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Chris Rogers
Chris Rogers

Glockner Buy Here Pay Here South Point Oh


The store is already image compliant, so no major capital investments are needed. Glockner plans to retain all the staff. It did bring in a 12-year employee from another store as general manager. He is actually from Ashland, Ky. where the new dealership is located.




glockner buy here pay here south point oh



In addition to its new car franchises, the Glockner group operates six buy-here-pay-here dealerships. It also has an auto credit business, an insurance agency, a heavy-duty truck and trailer sales business, a car and truck leasing business, and an oil distribution business.


If you'rethinking of taking the traditional route when financing your car purchase,here's what could happen. You go to a dealer and pick the car of your dreams.Then you go to your bank or credit union to try and get a loan. After fillingout all kinds of paperwork, you wait a few days and the lender rejects yourapplication. They make their money lending other people money and your creditjust isn't good enough.


A Buy HerePay Here dealership is one where every aspect of car ownership is taken care offor you in one location. You can browse a large inventory, go on test drives,choose a car, and get it serviced like a traditional car dealership. But youcan also get financing with several options just like with a traditional lendersuch as a bank or credit union. You deal with just one company from start tofinish.


If you wantto come down to any of our dealerships, we adhere to all CDC guidelines forCOVID-19 to keep you safe. But if you want to do everything from home, we bringthe benefits of Buy Here Pay Here to you.


The PLA concept, also adopted by Sound Transit and the Port of Seattle and being negotiated elsewhere, is hotly opposed by critics who say the agreements are unfair to nonunion contractors and increase overall construction costs. (National studies on PLAs have come to mixed conclusions on cost and general impact.) In Seattle, some minority small-contracting firms complained that the pact creates mountains of paperwork and freezes them out of jobs.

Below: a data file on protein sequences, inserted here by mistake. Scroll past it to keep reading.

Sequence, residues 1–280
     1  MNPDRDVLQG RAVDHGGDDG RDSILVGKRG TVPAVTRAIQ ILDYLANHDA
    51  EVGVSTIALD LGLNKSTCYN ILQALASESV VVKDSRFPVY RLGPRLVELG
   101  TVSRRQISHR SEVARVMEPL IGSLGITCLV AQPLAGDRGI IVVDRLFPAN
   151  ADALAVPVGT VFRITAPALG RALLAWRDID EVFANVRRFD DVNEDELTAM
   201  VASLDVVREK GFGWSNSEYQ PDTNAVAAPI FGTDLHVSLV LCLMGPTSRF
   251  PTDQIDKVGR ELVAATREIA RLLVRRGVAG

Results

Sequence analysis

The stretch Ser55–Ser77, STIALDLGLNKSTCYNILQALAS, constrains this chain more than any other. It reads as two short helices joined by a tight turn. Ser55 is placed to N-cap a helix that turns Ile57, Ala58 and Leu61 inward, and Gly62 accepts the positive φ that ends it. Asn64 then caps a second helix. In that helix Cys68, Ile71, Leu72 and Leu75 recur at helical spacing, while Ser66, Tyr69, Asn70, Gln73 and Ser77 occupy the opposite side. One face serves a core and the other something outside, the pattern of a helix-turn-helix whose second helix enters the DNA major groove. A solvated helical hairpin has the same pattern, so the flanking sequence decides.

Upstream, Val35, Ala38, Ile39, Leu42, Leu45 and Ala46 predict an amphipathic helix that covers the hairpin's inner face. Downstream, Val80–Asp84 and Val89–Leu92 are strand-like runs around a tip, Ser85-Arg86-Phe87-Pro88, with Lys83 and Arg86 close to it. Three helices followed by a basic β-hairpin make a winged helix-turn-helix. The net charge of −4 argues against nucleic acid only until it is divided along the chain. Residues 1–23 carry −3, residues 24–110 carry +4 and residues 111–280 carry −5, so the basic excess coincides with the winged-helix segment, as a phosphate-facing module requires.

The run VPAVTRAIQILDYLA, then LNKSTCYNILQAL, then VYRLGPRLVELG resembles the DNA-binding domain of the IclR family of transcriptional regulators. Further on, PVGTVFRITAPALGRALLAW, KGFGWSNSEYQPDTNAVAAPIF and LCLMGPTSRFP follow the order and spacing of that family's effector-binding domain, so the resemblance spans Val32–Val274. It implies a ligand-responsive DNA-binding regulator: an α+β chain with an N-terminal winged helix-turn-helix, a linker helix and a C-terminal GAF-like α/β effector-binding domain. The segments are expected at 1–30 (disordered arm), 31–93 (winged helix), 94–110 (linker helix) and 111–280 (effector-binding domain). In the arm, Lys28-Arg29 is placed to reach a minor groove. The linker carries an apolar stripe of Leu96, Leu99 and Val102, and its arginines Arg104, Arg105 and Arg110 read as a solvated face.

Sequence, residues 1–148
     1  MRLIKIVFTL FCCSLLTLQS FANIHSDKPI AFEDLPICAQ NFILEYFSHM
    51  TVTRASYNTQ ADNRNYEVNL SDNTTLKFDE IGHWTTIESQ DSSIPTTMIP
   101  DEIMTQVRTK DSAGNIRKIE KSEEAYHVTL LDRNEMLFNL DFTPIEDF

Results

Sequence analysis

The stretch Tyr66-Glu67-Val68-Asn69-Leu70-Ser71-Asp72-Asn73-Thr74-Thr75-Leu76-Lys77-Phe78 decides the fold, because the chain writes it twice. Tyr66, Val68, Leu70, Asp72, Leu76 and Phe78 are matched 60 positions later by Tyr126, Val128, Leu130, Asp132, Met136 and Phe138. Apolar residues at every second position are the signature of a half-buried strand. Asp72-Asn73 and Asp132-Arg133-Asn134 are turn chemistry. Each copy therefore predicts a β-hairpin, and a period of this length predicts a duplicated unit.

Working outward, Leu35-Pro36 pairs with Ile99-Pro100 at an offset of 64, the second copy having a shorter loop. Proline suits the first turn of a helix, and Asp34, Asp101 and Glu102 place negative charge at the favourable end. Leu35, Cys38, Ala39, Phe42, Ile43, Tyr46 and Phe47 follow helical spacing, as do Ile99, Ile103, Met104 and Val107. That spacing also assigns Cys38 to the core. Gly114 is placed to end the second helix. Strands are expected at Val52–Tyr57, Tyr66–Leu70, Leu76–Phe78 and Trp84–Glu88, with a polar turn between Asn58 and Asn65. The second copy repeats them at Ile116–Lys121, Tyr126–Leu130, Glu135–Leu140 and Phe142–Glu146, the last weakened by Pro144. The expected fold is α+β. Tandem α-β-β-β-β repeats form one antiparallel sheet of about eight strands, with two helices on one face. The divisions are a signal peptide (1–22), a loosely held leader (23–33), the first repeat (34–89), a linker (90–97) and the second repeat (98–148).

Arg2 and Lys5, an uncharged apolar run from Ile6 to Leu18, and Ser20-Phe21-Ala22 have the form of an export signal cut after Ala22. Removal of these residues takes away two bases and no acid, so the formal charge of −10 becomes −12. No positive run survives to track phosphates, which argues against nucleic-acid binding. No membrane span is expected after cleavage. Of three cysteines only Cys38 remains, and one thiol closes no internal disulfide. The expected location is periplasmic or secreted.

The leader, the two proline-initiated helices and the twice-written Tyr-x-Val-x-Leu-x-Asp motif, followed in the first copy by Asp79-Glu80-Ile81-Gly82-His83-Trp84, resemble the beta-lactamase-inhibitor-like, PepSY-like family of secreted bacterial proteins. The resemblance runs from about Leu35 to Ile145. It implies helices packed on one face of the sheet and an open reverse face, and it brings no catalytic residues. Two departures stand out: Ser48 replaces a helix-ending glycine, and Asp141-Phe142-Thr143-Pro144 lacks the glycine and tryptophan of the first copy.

You know, I have this paper...I can look at a map, then, and have a GPS colored map, which we often do, and I can look at those areas and you'll start to see patterns develop in certain areas. And, so by that, then, we can then prioritize. And people...people look at that and say, "Well, the fire department's been out here, they've looked at it, they've evaluated it, and, their professional opinion, here's the worst area. And so, then, that also, in turn, helps with them writing future grants, because, they write a future grant, the, you know, whoever's looking at it can say, "Well, how do we know that our money's going to go to effect something and do a good job?" Well, you can know that...so, the Marin Fire District is taking the time to put boots on the ground at every single parcel in that area. So, like Marin View, I went to 250 parcels and valued every single one. In Muir Meadows, it was 80. Um, so, every spot there our boots were on the ground. We've looked at it and evaluated it and then we can tell exactly what needs to be done. And there's some level of confidence, I think, when the grant awarders are looking at that and they say, "Okay, well, here's the first year." And then, there's also then, because they're looking for a certain amount of money for this one area in this one year, they can also put in their "Hey, we've got another two or three or four areas that have been prioritized that are still high but not as high as this." So, that lends a lot of credibility to the...to the different homeowners' groups that are getting these grants. [Jennifer Chapman] So, what you're saying is: some of the neighborhoods in your area got a grant and then they needed to go back and take a hard look at how they were gonna spend the money and really identify the highest hazard areas. [Gloeckner] Yeah. Once you get a grant, if it's not well defined, everybody will squabble: "what makes this person more worthy of getting things done for free to protect them from fire?" Well, with this program, this class, people then can have confidence in that, "Oh, you know, my house is not so bad, actually. I thought it was really bad, but it's not as bad as I thought." And there are things I can do for a very little amount of money to make it a lot better. Whereas other people, they really, truly...their only option...they've done everything else that they could, but the things that are very dangerous to their home is...is high...high dollar activity work, like logging out eucalyptus trees out of a canyon right below their home. [Chapman] So, are you targeting any more subdivisions than for...for doing this, uh, kind of, full neighborhood assessment process? [Gloeckner] I've also neglected to tell you about Wolfpack Ridge. They have, maybe, 50 assessments that we had to do up there. We got all those done and then, now, they're, kind of, in the develop a plan on what to do. [Chapman] Now, did they have a grant or they just wanted to...get an idea of prioritizing for themselves? [Gloeckner] They...they don't have a grant, yet, but they have a lot of issues where they...they have a lot of Caltrans land that they're impacted by and they also have GGNRA that's on the other side of them. And they sort of sit on the top of the ridge between both spots. You know, before you try to tackle an agency--specifically a government agency--and try to tackle them and say, "Hey, we need you to do something about this problem," you need to state what the problem is. And if you can state what the problem is and show numbers of where the problem is, then you can get...have a better chance of getting some money to...to mitigate it. [Chapman] So, is your evaluation process mostly within the first hundred feet from the structures? [Gloeckner] The first hundred feet is the most important. But if it's on a big slope, I'll change that sometimes, you know, I'll look at overall. Then, when we look at...um...let's say we have...we evaluate the house individually on this hundred-foot defensible space area, some of that may be on other people's land, let's say it's in Muir Meadows, it's on...half of that 50 feet is on the GGNRA. So, we evaluate that as to...okay, we've have the hundred...hundred feet. But if there's something that's gonna be tremendously advantageous to...to remove beyond the hundred foot, let's say it's a giant grove of eucalyptus trees that are real...I mean, just really thick, right up on that hundred foot line, I mean, there...there's science to prove that as long as you have the 30 feet you're pretty good. But, again, the problem becomes...it's...I have an issue with some of these downed logs because you get this big, heavy duff like that, it produces smoke for a very very long time. And it also then has an ember issue because...you know, let's say you have twenty fire engines out there and you have 50 acres that's gonna take a long time to reduce the likelihood that not one of those embers is going to land somewhere else in the subdivision and start a fire. So, in little areas like that, there's these pockets where we may wanna look outside that hundred-foot and say, "You know, it would be wise, probably, to go in there and do, maybe, a bit of thinning." I'm not necessarily take down the entire forest, but, you know, go through and do something that's comprehensive but logical. .Homepage .VideoHero margin-top: 0px;#transcriptWrapper margin-bottom: 30px;Fire Education: Interview: Southern Marin Fire Captain Cary Gloeckner: Defensible Space Evaluator Class. 2007. Part 3 - Agenda(function ($) $(document).ready(function () var player = videojs('av_10268C8FADA02DA3E7C2B9B930D55F08', aspectRatio: '1:0',fluid: true,inactivityTimeout: 0,controlBar: 'fullscreenToggle': false);player.hotkeys(volumeStep: 0.1,seekStep: 5,alwaysCaptureHotkeys: false,enableVolumeScroll: false);// Initialize Google Analytics and log start, stop, fullscreen and 25% play incrementsplayer.ga('eventCategory': 'NPS Audio','eventLabel': 'pore-pore-firemanagementfireeducationinterviewgloeckner2007part3agenda.mp3','eventsToTrack': ['start', 'end', 'percentsPlayed', 'fullscreen'],'percentsPlayedInterval': 25,'debug': true);// Listener for keypress to capture up/down arrows for volume$('#av_10268C8FADA02DA3E7C2B9B930D55F08').keyup(function(event) // is the key pressed the down key (40)?if (event.which == 40) // the down key has been pressed, check the volume levelvar volumeLevel = player.volume().toFixed(1);if ( volumeLevel In 2007, Point Reyes National Seashore's Fire Education Specialist Jennifer Chapman interviewed Southern Marin Fire Captain Cary Gloeckner about the Defensible Space Evaluator Class. This is the third of four of the interview's segments. 041b061a72